When it comes to “toasted barrel finished” bourbon or rye whiskey, one name dominates the conversation — Michter’s. Michter’s spearheaded the movement nearly 10 years ago with the release of their Toasted Barrel Bourbon. Fast-forward to 2023 and every major and minor distiller and bottler has a toasted barrel whiskey of some kind. Meanwhile, Michter’s pushed the trend fourth by releasing toasted barrel versions of their acclaimed Sour Mash and Rye whiskeys in limited edition versions over the years, including a brand-new Toasted Barrel Rye that just dropped (it’s on the panel, don’t worry).
Before we get into the blind tasting, let’s get on solid ground when it comes to defining these whiskeys. The average whiskey barrel is generally made from lumber (slats) that have been air-dried and then toasted and charred once assembled. The air-drying seasons the wood with the elements in our air, weather, and local biome. The toasting is a low-heat activation of the sugars in the wood. The charring adds a layer of carbon on the inside of the barrel that filters the whiskey as it processes through the wood during aging.
With me so far? When the industry labels a whiskey as a “toasted barrel finish” or “toasted rye” or “toasted” in some way, they’re talking about a finishing barrel or secondary maturation. The whiskey (bourbon and rye in today’s case) was still aged in new charred oak for several years like all American bourbons and ryes. Select barrels are then batched and then that whiskey goes into a new barrel that’s only been toasted but not charred. Since the barrel doesn’t have that layer of charcoal on the inside, the wood sugars that are imbued into the whiskey are bold. There’s no carbon for filtration so the whiskey is getting the full brunt of those wood sugars. Because of this, a toasted barrel finish is a very quick process — sometimes only days, mostly only weeks, rarely is it months.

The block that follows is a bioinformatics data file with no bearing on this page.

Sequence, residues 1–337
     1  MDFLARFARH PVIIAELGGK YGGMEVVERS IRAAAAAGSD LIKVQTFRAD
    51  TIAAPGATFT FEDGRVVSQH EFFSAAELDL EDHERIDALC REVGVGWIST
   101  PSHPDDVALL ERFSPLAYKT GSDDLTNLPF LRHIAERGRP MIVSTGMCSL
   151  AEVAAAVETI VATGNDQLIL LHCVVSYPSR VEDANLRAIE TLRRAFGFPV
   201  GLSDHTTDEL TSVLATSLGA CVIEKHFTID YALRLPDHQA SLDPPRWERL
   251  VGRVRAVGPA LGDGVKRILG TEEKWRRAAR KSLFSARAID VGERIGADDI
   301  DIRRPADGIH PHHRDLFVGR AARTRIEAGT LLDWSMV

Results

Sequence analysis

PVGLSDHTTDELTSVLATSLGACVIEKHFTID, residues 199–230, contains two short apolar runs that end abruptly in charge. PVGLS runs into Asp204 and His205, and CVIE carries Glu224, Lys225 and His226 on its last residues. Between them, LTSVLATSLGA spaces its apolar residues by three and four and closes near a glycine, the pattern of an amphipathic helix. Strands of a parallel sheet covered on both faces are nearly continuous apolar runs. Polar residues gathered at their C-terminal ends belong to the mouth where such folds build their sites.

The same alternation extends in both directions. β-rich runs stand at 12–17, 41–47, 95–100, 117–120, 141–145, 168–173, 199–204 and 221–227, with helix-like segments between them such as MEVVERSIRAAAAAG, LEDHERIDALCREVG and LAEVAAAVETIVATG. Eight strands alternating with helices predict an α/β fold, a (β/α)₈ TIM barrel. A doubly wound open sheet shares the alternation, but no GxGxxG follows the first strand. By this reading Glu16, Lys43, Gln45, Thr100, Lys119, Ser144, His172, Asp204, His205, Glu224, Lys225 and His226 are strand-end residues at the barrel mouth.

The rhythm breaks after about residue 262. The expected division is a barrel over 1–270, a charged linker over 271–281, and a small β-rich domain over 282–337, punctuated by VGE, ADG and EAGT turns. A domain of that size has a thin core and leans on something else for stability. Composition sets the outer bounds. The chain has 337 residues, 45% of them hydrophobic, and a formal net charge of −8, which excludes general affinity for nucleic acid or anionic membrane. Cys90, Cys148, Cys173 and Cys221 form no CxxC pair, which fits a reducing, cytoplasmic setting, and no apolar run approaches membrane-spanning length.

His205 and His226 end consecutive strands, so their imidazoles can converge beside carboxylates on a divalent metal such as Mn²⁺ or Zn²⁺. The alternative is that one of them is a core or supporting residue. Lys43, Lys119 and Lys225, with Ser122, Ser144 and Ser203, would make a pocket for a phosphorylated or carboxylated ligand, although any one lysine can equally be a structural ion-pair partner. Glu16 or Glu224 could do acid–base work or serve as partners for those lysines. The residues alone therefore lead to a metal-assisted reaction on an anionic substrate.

The process of finishing in a toasted barrel adds sweet wood notes, dry wood notes, and extra spice, and often accents tobacco and chili/fruit flavors with deep, you guessed it, woody tannic notes. These whiskeys are for the oak heads out there.
I personally think this finishing style works much better with grassy and funky rye whiskeys over sweet, fruity, and caramel-forward bourbons. That’s just me. But I’m going to test that in today’s panel by putting both bourbons and ryes with toasted barrel finishes against each other.
That makes our lineup today the following bottles of toasted barrel finished bourbons and ryes:
- Jefferson’s Reserve Very Rare Twin Oak Custom Barrel Single Barrel Kentucky Straight Bourbon Whiskey
- Michter’s US*1 Limited Release Toasted Barrel Finish Kentucky Straight Bourbon Whiskey
- Elijah Craig Toasted Barrel Ryder Cup Limited Edition Kentucky Straight Bourbon Whiskey Finished in European Toasted Oak Barrels
- Wheel Horse Kentucky Straight Bourbon Whiskey Toasted Barrel Finish
- Penelope Straight Rye Whiskey Heavy Toasted Barrel Finish
- Michter’s US*1 Barrel Strength Toasted Barrel Finish Kentucky Straight Rye Whiskey
- Woodinville Straight Bourbon Whiskey Finished with Toasted Applewood Staves
- Barrell Vantage A Blend of Straight Bourbon Whiskeys Finished in Mizunara, French, and Toasted American Oak
- Blackwood Toasted Rye Whiskey Barrel Strength
- Michter’s US*1 Limited Release Toasted Barrel Finish Kentucky Sour Mash Whiskey